Lean Thinking for Air Travel
By: Womack, Jim | May 5, 2003
Columns; eLetters
Recently I got a call from an aide to Don Carty at American Airlines (their Chairman who resigned this past week.  ) This person wanted to apply lean thinking to air travel and asked what I thought about their “lean” idea.  It turned out that American was making plans – now announced -- to smooth the flow of passengers and aircraft through their major hubs in Dallas and Chicago. The idea was to spread out arrivals and departures so that planes would come and go at a fairly steady rate through the day, rather than in the massive waves required More »
Any advice for how to implement real pull across the company?
By: Ballé, Michael | July 31, 2017
Columns; eLetters
Dear Gemba Coach,My boss, the operations VP, has asked me to implement a pull system across the whole company. I’ve practiced lean for many years and am a division lean officer, but not fully comfortable about real pull – would you have any advice? More »
The Gold Mine (Q & A) - “Lean is a practice, not a theory” - An Interview with Freddy Ballé and Michael Ballé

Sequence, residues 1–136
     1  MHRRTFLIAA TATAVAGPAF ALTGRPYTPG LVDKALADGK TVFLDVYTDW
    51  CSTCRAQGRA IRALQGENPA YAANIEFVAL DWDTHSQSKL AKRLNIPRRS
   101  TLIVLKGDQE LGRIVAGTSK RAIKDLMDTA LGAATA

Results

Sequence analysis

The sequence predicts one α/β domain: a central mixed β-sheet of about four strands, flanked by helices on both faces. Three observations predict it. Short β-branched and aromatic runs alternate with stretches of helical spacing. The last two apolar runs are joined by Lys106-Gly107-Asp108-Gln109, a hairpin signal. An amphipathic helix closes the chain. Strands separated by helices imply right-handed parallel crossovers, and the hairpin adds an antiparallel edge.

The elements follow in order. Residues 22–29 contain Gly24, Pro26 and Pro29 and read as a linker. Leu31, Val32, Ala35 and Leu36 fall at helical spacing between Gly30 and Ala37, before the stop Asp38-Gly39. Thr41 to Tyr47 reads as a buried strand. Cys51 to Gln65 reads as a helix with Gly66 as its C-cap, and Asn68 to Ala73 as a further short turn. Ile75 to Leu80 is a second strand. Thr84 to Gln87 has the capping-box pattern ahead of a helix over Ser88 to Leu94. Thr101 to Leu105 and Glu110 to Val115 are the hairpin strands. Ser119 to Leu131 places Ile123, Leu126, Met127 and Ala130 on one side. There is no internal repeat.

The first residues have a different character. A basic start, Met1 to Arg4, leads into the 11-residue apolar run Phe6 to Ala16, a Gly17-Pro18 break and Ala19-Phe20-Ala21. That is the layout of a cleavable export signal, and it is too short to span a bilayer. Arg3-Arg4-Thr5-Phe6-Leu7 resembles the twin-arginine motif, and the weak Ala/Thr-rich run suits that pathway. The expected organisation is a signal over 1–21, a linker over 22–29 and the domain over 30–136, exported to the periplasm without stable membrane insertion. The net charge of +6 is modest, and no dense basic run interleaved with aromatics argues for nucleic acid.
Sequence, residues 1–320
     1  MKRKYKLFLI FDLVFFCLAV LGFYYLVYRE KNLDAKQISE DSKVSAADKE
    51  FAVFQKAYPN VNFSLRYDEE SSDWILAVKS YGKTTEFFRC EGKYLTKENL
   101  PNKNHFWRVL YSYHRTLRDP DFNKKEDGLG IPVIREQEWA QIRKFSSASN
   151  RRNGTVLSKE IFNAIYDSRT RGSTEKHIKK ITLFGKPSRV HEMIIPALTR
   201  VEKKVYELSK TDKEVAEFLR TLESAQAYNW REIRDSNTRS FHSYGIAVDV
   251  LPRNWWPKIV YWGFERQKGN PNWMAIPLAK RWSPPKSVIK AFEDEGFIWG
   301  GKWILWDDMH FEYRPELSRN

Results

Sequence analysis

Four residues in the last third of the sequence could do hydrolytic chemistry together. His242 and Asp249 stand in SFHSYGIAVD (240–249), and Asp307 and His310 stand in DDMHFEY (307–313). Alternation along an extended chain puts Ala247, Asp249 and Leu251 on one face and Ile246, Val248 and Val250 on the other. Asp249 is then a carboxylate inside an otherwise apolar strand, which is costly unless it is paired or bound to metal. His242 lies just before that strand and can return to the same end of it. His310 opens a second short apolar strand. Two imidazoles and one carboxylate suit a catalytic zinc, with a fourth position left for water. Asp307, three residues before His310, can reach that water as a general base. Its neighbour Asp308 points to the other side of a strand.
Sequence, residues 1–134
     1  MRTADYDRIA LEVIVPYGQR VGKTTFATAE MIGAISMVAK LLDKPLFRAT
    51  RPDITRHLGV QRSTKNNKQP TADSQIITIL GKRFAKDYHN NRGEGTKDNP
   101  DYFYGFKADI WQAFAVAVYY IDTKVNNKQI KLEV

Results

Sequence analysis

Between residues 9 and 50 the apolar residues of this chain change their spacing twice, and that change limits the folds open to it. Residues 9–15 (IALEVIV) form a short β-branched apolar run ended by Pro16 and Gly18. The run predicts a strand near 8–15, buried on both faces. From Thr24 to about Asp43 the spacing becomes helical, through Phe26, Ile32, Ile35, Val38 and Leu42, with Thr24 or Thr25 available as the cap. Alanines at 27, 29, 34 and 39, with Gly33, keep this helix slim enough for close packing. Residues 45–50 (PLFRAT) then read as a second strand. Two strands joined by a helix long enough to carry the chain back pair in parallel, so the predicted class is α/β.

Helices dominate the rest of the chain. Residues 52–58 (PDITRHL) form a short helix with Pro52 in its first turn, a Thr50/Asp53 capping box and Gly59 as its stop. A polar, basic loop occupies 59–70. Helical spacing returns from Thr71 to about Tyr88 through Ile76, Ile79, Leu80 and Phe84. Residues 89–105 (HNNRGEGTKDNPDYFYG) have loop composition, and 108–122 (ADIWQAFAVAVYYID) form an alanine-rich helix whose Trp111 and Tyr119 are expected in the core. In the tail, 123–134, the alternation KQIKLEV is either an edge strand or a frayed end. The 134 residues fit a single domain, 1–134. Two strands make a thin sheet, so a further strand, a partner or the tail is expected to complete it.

By: Ballé, Freddy and Michael Ballé | March 1, 2005
Articles
“Lean is a practice, not a theory”An Interview with Freddy and Michael Ballé, authors of The Gold MineQ. How does The Gold Mine fit in with existing literature that teaches lean thinking or change management?A. The truth is that part of what makes lean difficult is the linkage between change management and the lean tools. Most books that tackle both lean thinking and change management tend to approach these subjects separately. First they'll describe the lean tools, and then they'll go into change management theory. With The Gold Mine, we've tried to deal with these two themes concurrently, progressing on More »